He and Board Member Dan Gaba both voted their belief that the project could have a negative impact on traffic.

Van Wagner was the sole dissenting vote on the hotel’s site plan.

Levinsky said construction will begin in the summer and will last between 15 and 16 months.



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Ellsworth Square gets Planning Board approval

SARATOGA SPRINGS >> A mixed-use development proposed in the footprint of the former Ellsworth Ice Cream factory on Division Street was approved by the Planning Board Wednesday night.

The project, known as Ellsworth Square, has been working through the city’s Planning Board for more than a year and seeks to transform the now empty site of the former factory into a solid block of townhouses, houses, apartments and commercial space that will occupy the entire block between Division and Cherry streets and Walworth Street and Marvin Alley.

“We knew you would eventually get tired of seeing us,” Peter Belmonte, one of the local developers on the project, laughed after the project was approved.

He is working on another local developer, Steve Ethier, on the mixed-use development, their first collaboration.

“We bought it out of foreclosure. Instead of bidding against each other we decided to join up,” Ethier said.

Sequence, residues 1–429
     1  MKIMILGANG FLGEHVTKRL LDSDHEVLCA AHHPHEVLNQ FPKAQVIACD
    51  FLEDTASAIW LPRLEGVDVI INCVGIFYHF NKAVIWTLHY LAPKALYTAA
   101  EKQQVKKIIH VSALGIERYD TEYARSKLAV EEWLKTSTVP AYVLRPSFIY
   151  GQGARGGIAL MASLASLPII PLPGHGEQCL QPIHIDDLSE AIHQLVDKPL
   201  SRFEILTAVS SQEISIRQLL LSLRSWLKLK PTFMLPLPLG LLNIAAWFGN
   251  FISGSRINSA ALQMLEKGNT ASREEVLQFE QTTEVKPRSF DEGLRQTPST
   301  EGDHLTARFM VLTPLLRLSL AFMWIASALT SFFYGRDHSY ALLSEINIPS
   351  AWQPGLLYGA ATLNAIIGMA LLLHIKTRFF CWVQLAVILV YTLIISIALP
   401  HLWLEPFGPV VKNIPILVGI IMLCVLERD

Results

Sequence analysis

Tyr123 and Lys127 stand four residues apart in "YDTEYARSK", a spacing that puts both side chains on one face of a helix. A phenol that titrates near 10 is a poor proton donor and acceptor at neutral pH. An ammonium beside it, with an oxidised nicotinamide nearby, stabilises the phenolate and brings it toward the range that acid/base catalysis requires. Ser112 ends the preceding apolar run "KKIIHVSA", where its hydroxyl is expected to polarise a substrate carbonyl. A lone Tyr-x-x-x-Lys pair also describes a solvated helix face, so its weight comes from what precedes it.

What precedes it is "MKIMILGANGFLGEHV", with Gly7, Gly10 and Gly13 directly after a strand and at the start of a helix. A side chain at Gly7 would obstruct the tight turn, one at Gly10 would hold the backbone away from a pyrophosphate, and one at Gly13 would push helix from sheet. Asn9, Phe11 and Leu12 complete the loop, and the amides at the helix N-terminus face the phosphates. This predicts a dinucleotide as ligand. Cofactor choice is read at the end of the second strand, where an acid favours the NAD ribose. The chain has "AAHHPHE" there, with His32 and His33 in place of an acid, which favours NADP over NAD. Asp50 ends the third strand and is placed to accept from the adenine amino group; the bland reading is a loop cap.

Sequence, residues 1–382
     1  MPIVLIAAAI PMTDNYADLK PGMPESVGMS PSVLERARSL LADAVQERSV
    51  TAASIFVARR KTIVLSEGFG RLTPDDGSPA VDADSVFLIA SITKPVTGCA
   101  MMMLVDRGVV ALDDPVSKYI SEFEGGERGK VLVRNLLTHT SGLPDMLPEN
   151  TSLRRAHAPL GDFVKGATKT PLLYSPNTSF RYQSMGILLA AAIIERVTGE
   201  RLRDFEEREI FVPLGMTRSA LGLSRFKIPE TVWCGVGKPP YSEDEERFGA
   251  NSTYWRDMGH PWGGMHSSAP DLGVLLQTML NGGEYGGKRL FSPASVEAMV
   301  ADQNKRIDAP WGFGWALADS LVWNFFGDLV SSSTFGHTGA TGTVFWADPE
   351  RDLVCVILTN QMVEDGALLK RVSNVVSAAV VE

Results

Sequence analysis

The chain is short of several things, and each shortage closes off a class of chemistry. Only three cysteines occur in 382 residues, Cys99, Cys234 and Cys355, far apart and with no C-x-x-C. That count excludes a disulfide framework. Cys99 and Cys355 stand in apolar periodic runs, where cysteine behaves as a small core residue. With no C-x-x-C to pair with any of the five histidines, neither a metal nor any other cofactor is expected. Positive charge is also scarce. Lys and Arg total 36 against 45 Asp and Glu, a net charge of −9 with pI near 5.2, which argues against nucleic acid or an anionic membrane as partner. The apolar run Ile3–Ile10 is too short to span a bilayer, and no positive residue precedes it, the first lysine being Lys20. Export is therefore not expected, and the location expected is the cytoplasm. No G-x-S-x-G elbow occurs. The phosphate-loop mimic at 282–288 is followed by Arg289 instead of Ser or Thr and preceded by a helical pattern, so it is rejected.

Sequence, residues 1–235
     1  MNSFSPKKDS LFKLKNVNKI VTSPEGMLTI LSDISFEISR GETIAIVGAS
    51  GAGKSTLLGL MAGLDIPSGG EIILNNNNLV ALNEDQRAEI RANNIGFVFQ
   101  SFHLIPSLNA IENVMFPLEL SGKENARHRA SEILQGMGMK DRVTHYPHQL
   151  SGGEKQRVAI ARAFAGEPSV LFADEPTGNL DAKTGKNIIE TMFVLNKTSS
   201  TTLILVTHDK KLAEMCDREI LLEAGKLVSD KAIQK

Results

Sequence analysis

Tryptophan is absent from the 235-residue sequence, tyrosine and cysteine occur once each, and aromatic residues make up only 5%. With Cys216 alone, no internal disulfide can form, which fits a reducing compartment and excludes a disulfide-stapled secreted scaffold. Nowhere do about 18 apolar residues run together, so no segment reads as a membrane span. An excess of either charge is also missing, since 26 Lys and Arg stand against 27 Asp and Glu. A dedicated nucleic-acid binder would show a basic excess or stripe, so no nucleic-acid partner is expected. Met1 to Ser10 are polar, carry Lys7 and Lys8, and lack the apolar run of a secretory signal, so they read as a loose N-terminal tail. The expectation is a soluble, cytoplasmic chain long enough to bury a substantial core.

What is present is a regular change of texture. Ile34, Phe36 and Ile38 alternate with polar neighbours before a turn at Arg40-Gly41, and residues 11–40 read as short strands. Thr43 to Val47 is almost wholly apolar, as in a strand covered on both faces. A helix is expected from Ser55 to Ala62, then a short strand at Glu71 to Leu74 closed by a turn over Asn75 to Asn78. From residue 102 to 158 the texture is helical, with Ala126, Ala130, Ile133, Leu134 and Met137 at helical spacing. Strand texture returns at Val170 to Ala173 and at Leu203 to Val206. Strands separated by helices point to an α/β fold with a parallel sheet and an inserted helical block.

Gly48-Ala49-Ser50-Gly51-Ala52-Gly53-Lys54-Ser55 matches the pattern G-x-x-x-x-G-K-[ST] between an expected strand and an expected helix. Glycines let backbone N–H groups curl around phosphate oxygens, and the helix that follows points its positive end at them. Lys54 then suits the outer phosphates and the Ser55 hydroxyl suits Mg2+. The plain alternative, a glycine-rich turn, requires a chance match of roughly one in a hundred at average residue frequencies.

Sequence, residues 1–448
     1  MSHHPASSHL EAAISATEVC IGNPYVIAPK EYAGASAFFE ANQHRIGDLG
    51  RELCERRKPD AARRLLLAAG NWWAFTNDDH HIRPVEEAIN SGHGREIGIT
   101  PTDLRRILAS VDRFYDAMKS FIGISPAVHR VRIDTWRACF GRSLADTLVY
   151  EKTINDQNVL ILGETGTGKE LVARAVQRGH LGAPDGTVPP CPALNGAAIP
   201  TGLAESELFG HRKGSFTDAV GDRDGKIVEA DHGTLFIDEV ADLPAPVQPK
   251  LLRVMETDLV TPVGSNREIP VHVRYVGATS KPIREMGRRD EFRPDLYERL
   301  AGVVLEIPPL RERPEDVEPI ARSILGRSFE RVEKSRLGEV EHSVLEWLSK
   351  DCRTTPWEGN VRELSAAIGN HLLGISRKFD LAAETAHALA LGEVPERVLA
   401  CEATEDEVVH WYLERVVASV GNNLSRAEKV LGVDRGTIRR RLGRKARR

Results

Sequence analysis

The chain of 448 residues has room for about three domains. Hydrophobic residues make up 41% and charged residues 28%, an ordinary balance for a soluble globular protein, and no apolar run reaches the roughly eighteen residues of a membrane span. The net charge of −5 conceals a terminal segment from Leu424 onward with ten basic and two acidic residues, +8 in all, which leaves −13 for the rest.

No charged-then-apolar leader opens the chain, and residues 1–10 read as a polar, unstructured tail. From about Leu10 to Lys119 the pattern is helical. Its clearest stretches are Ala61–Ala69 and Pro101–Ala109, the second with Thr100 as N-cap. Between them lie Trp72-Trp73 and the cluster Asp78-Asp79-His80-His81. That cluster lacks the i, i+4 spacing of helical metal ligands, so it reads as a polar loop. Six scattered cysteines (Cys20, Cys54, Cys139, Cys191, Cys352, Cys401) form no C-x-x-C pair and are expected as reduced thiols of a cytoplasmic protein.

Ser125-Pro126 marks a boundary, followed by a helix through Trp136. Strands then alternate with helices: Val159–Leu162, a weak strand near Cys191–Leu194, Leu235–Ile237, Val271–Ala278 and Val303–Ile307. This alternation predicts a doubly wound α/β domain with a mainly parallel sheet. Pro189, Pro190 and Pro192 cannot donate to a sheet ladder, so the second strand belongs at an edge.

The Planning Board worked through particular details of the project with the two Wednesday before approving the site plan and subdivision of site.

The plan is comprised of 24 townhouses, four single-family homes, 20 apartments and 4,000 square feet of commercial space.

Plans call for a three-story building at the corner of Division and Walworth streets with commercial space on the ground floor and apartments on the upper two. Next to that building will be a two-story apartment building on the corner of Cherry and Walworth streets.

 “We want low-impact, low-density, low turnover establishments,” Ethier said, agreeing to restrictions to keep out restaurants, barber shops and other uses.

A private, internal street will provide access to the townhouses’ attached two-car garages.

Ethier said they hope to move forward with construction in the fall. Belmonte said, depending on market conditions, the build out should take about 18 months.